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5-part series: Top five trends for effective community management, part 2

The HOA management industry is in the midst of a shift from those who influence community management, to those who advance community management through new and innovative ways. There is a definite shift in paradigm from the old ways of thinking.

In the not-too-distant past, management deals happened through handshakes, faxes and a lot of trust. In today's marketplace of mistrust and hyper-sensitivity, those looking to close a deal have to constantly adjust their thinking in many areas to satisfy all parties concerned. How have things changed?

Because of the proliferation of online information, facts and figures about you and your community are readily available to pass along whenever anyone wants it. We might think that publishing information is all we need to do, but significant value can be added to your online content to ensure a positive response by the end user.

There has been a new emphasis on transparency. The Davis Stirling Act, along with corporate laws and court cases, give us insight into the importance of transparency. Managers today must practice transparency in every aspect of their jobs including, communication, records, board decisions, and managerial oversight.

New media have exposed a misalignment in communication. Too often, what we say and write is out of line with the message or vision we wish to impart. We see communities that claim "community" and then craft rules and board actions that contradict it. Alignment is all about ensuring that our messages are integrated with our actions and decisions to yield consistent results.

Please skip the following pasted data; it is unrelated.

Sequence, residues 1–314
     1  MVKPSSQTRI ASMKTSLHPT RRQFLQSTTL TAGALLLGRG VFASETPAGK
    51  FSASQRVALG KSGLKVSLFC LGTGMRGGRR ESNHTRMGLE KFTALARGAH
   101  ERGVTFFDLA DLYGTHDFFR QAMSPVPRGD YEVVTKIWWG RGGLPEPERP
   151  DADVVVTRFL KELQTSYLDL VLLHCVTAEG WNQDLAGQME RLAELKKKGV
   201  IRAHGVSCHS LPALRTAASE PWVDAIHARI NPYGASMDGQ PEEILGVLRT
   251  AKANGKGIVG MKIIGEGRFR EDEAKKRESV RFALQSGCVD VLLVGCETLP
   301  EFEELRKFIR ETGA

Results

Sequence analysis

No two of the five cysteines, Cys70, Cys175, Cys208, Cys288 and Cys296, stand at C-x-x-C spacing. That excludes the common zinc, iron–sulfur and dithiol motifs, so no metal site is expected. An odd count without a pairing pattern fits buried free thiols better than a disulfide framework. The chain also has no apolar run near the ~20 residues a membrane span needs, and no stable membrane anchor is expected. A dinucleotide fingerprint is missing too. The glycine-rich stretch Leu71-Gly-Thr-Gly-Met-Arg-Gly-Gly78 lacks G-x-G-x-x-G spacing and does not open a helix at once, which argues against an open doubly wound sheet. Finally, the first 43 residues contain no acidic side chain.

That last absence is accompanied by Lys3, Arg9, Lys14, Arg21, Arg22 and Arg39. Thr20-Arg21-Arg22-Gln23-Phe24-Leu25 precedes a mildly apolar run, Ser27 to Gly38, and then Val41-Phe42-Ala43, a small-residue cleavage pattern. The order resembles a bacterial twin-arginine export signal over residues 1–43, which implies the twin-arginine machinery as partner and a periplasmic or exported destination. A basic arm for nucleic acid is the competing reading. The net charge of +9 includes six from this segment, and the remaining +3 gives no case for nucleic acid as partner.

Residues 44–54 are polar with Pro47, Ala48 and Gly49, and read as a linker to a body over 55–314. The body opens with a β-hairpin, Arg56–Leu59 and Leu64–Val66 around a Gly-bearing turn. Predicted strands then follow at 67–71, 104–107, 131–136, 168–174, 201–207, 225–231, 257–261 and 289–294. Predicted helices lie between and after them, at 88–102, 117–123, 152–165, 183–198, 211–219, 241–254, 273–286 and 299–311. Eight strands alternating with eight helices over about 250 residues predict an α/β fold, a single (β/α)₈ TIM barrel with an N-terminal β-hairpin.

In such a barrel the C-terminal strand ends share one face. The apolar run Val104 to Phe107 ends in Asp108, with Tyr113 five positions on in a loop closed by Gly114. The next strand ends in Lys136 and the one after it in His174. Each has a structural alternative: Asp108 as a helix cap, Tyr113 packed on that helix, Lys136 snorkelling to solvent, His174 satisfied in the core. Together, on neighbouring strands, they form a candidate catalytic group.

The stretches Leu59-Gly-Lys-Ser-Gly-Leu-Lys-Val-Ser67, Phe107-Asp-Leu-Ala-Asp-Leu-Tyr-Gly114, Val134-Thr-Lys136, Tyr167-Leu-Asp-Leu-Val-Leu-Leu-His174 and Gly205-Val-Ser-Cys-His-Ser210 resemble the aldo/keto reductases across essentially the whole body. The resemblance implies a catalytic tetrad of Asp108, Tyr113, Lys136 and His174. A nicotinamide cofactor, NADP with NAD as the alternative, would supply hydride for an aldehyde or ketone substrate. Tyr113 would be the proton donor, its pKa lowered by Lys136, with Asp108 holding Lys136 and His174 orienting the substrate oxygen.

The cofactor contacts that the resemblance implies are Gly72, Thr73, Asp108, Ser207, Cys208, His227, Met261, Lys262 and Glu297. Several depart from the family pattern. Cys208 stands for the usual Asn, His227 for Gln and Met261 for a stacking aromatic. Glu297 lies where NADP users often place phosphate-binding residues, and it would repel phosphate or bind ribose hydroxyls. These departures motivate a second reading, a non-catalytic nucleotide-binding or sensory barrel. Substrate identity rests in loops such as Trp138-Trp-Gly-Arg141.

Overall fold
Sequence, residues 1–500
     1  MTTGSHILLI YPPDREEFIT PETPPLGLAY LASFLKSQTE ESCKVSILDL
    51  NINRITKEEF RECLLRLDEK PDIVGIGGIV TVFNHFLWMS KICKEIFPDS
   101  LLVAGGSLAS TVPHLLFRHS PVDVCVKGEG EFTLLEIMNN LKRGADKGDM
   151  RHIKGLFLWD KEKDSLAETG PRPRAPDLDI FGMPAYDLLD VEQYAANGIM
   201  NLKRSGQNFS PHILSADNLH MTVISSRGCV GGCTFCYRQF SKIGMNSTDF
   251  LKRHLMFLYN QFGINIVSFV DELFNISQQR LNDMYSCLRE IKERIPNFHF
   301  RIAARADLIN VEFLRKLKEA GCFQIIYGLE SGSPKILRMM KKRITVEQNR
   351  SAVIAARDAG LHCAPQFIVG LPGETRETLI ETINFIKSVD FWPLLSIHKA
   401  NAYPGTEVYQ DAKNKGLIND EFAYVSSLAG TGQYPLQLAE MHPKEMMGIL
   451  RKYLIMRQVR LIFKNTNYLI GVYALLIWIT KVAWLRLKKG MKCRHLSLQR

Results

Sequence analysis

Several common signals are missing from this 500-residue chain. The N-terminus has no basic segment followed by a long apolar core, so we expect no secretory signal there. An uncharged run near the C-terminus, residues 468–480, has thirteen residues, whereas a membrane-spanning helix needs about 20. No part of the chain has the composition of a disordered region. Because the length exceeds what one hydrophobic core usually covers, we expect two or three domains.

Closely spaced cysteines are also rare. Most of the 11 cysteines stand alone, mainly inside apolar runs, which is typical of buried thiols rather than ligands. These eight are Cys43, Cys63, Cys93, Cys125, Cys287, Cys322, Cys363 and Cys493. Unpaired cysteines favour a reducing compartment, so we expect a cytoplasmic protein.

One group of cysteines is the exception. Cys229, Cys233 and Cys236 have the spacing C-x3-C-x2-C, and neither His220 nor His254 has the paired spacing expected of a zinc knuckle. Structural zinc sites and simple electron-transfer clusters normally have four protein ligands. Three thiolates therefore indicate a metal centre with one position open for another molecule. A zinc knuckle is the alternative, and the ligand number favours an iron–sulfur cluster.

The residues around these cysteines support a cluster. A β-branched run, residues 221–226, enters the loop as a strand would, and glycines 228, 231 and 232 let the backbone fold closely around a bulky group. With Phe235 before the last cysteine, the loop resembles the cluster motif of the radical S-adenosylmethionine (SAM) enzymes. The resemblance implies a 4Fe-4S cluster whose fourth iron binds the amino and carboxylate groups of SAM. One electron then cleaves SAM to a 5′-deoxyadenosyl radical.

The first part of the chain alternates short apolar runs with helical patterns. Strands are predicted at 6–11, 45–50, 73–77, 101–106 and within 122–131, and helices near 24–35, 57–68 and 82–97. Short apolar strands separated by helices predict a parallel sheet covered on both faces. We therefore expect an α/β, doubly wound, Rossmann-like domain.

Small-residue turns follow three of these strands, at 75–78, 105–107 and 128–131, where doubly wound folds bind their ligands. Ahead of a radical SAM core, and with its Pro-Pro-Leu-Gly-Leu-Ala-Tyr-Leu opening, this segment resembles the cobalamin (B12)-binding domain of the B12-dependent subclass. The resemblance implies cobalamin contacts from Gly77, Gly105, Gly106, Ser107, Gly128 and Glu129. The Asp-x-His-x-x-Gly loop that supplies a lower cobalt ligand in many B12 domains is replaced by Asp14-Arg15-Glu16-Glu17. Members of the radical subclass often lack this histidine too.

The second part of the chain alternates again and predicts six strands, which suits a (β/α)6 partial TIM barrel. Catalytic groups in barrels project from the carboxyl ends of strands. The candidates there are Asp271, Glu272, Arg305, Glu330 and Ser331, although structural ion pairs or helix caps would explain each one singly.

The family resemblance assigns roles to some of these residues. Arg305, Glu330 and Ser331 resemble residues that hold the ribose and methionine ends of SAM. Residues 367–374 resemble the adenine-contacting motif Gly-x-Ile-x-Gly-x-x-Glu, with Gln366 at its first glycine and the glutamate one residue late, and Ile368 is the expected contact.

The rise of information and data mining: collecting and using data in a global industry to help inform decision makers in their planning and design is a practice that is slowly filtering into our industry. Yet, even with the abundance of data, much work is to be done to ensure we have productive and useful data about the costs and operating capacities for such communities.

The industry struggles with efficiency. The old adage that inefficient management produces more work is still true in HOA management. Managers must balance legal requirements, developer and board expectations, and members' needs to ensure a successful business relationship.

Customer expectations are on the rise. Community managers who fail, fail first at identifying their customers' expectations. Although contracts and legal requirements are useful for direction, successful managers realize that these are tools to help meet client expectations.

Without education, experience and guidance, today's managers often get lost trying break away from old thinking Associa NNJ, Inc. can help! We're committed to providing our employees with the very best training and development programs available. Come and see for yourself how it is possible to love your HOA with Associa NNJ. See next week's article for Trend #3.

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Written by Rob Felix, CEO of N.N. Jaeschke Inc.

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